I Do Love Cahors! from French Life

Amanda on March 1st, 2009
Lemons on our Tree

Lemons on our Tree

Welcome to spring in the Quercy where the last few days have been as warm and wonderful as May. My lemon trees have been hauled out of their winter quarters to waft their delicious scent over the sunlit terrace; they’re chock full of waxy blossom and in dire need of a few bees. The herb gardens have had an explosion of tender new growth too, creating another fragrant assault on the senses whenever one happens to brush past. Almond trees have shyly unfurled their pale pink petals and, most significant of all, the lizards who’ve spent the freezing winter months holed up in deep stone cracks have started to creep out and sun themselves on rocky outcrops. Summer is just a few degrees away. Read More »

Lunch in Puy L’Eveque from French Life

Amanda on February 1st, 2009
Cahors Market

Cahors Market

Whilst England shivered under a blanket of snow, all last week the Quercy languished under sparkling blue skies. They lured me out for the day on Wednesday. It was market day in Cahors and by the time I rounded the chilly corner of the Rue Marechal Foch into the blazing sunshine opposite the cathedral the morning was well advanced. I exchanged some halting badinage with one of my favourite stall holders about the state of the English weather, bought an armful of magnificent leeks, admired the truffle he had unexpectedly unearthed that morning and moved on to the man with the birds. Read More »

Lunch in Cahors from French Life

Amanda on December 1st, 2008
Autumn Vines

Autumn Vines

We were to arrive at 12.30 on a Sunday afternoon – which means at least half an hour later as naturally nobody ever arrives on time in France. We were looking forward to this encounter, but with some trepidation, as our neighbours speak absolutely no English. This is fair enough of course and on its own we would have been able to cope with it quite well, but they add to this minor hurdle by having extremely strong southwestern accents. This means that when confronted with a polite: Read More »

Lunch with the Neighbours from French Life

Amanda on November 1st, 2008
Café Noir

Café Noir

Lunch in this café is a one-menu-for-all affair, and very good it is too. I began with a small plate of shiny, plump violet and black olives, a bowl of cornichons and a slice of nutty, air-dried ham from Bayonne. The bread came from the bakery on the other side of the church, a good chewy, yeasty flute, to be consumed with pace and care. I refused a glass of wine, to the frank amazement of my neighbouring diners. They were workmen in dusty overalls, cold and hungry, their bellies budging the table to and fro as they reached for the bread or salt. Read More »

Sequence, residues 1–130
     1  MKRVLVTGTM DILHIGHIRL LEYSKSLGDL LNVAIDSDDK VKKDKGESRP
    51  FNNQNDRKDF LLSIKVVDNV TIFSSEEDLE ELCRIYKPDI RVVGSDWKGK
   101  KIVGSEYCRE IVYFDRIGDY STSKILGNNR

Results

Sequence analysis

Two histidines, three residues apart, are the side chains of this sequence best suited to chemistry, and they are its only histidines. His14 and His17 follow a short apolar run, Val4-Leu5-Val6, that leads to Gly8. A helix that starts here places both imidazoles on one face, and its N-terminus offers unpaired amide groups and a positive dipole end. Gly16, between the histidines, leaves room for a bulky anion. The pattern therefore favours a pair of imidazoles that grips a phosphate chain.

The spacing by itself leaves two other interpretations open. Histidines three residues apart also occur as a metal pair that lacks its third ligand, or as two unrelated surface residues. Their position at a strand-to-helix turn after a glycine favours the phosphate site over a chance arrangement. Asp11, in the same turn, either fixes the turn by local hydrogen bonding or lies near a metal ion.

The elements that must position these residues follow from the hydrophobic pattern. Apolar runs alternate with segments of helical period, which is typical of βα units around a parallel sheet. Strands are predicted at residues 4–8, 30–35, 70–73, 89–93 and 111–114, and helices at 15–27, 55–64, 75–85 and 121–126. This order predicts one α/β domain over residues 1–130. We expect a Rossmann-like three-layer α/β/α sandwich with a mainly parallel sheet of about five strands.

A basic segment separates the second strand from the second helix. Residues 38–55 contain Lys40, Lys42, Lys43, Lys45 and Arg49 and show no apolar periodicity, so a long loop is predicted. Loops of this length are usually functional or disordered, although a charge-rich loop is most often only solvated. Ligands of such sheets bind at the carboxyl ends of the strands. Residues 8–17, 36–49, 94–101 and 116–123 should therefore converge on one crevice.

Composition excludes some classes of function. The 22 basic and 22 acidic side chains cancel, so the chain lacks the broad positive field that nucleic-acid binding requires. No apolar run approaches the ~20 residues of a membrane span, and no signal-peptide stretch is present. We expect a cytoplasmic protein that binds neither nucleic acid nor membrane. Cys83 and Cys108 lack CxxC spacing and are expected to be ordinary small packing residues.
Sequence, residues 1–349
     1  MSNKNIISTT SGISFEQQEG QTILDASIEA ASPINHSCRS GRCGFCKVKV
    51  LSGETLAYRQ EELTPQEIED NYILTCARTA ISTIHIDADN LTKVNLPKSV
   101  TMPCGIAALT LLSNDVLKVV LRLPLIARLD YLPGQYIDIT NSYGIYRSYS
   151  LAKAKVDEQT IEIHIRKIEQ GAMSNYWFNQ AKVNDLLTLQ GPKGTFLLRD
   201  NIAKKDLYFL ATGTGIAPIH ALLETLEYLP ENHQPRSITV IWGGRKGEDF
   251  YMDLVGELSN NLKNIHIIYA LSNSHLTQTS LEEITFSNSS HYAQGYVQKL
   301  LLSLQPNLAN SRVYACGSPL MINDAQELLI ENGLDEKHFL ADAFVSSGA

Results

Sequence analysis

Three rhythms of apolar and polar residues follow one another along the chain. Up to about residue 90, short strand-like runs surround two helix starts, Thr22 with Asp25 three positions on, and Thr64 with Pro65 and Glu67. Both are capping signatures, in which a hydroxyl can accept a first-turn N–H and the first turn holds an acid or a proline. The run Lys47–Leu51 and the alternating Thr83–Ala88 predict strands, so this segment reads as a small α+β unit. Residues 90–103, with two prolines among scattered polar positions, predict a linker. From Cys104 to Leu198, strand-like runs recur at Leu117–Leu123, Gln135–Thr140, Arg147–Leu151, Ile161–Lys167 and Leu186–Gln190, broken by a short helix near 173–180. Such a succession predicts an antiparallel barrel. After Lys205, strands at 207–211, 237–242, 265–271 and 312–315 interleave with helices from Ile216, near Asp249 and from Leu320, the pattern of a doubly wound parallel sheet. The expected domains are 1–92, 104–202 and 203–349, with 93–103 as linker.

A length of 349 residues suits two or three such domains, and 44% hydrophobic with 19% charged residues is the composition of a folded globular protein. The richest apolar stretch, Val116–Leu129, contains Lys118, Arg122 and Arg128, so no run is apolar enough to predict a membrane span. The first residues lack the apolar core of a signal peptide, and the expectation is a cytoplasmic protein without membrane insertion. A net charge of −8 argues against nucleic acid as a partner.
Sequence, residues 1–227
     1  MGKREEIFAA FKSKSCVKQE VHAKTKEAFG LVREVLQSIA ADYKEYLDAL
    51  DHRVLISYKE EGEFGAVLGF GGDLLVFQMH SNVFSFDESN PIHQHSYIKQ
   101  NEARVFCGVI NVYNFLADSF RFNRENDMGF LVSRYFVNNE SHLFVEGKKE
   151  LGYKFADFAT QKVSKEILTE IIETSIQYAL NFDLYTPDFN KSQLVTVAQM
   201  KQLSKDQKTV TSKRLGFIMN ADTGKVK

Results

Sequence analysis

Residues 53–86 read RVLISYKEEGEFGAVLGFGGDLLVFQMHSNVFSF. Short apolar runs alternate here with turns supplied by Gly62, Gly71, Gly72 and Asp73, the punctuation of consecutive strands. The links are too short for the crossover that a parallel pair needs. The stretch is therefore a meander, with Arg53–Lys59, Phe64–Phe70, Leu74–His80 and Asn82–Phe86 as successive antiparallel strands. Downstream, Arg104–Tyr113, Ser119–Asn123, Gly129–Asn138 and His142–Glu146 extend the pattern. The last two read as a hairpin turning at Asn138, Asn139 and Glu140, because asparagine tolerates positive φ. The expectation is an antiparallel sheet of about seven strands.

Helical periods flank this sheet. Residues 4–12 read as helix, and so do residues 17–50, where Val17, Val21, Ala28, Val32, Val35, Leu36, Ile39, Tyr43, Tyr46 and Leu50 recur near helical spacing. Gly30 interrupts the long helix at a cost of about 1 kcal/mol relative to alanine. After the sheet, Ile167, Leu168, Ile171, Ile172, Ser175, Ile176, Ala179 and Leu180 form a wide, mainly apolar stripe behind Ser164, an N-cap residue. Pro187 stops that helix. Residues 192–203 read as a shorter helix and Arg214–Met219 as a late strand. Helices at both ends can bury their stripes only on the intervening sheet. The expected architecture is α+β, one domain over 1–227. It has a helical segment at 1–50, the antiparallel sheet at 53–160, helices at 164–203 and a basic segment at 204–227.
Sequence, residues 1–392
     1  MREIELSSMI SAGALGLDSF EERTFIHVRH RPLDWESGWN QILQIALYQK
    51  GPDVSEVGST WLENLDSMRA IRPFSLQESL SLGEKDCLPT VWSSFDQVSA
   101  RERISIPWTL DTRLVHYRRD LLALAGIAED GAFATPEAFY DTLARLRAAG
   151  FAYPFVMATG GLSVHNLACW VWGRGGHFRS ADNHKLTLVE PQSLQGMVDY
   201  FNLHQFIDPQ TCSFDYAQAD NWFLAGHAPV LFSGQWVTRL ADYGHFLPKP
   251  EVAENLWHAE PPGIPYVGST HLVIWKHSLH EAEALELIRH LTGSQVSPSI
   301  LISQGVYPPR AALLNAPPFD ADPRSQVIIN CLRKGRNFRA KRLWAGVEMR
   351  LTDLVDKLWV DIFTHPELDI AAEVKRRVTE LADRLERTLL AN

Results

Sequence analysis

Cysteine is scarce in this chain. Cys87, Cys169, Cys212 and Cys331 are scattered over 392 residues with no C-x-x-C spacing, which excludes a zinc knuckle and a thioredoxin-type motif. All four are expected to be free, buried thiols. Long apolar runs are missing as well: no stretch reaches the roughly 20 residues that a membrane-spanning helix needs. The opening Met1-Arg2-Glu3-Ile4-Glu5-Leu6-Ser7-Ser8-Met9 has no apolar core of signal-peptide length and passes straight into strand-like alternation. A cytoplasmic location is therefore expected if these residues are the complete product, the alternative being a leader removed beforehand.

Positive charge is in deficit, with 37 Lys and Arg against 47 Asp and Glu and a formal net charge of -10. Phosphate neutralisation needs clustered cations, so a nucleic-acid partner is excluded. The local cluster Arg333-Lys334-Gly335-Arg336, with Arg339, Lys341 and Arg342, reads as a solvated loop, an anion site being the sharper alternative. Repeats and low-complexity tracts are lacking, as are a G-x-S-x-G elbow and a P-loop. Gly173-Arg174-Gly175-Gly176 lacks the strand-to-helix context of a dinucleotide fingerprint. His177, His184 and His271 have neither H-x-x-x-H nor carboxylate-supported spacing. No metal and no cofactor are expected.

It Could Only Happen in France from French Life

Amanda on January 1st, 2008
Plat du Jour

Plat du Jour

Living in the heartland of French gastronomy can be an exceptionally rewarding business. No more so than on a cold winter’s day when you blow into a warm, bustling café a few minutes before twelve-thirty, chilly, hungry and teased by the tantalising aromas wafting from the kitchens. It’s one of the great pleasures of life in France.
Ah Madame, vous allez bien?’ The proprietor greeted me, as I hauled myself up the marble staircase in one of my favourite eateries. He didn’t wait for a reply, but bestowed two quick kisses and a hearty buffet on the shoulder, then whisked me down the crowded room to a cosy table in the corner – narrowly avoiding collision with two speeding waiters, loaded to the elbows. I sank into the chair with a thankful sigh, shook out my napkin and prepared to enjoy myself. Read More »

Lunch in Cahors from French Life

Amanda on August 1st, 2007
Sunflowers

Sunflowers

Welcome to the steaming Quercy in high summer. And steaming it certainly has been, the weather still can’t make up its mind and switches from scorching sunshine to refreshing showers with little warning. Good for the vines, say the old-timers, good for the peaches and plums too, not so good for the cereal crops. We can see winking lights from the vast harvesters, crawling like locusts across the landscape, as we sit on the terrace in the evenings with a jug of red and a bowl of shiny violet olives from the market. The weather is so capricious this year that they’ll work all night to ensure a perfect harvest. The sunflowers have been delayed too, usually they’re in full, dazzling bloom by early July, this year they’re three weeks late, but what a sight they are. A field full of these golden beauties, faces raised to the sun, absorbing its warmth and reflecting its glory, is a sight to brighten the dullest day. Read More »

Quercy Living in High Summer from French Life

Amanda on February 1st, 2007
Iris

Iris

As I pick my way carefully down our little lane, avoiding rocky outcrops and sharp stones, I notice a few pale green shoots and swelling buds, hopeful harbingers of spring.
It is the middle of February and there are a mere two chilly weeks of winter left. It’s a waiting time, most of the work in the fields has been done, ancient, rusty ploughs have turned over great slabs of milk chocolate coloured earth, liberally scattered with white chocolate chips, the hallmark of the Quercy Blanc. In the vineyards all the vines are clipped and neat. In the ancient oak woods old and weak trees have been felled, yielding comforting piles of stacked logs, fuel for the winter after next. The crowded landscape has been swept bare by the freezing winds and in the little hamlets and villages there are few souls about. Read More »

Joys of French Life – Lunch! from French Life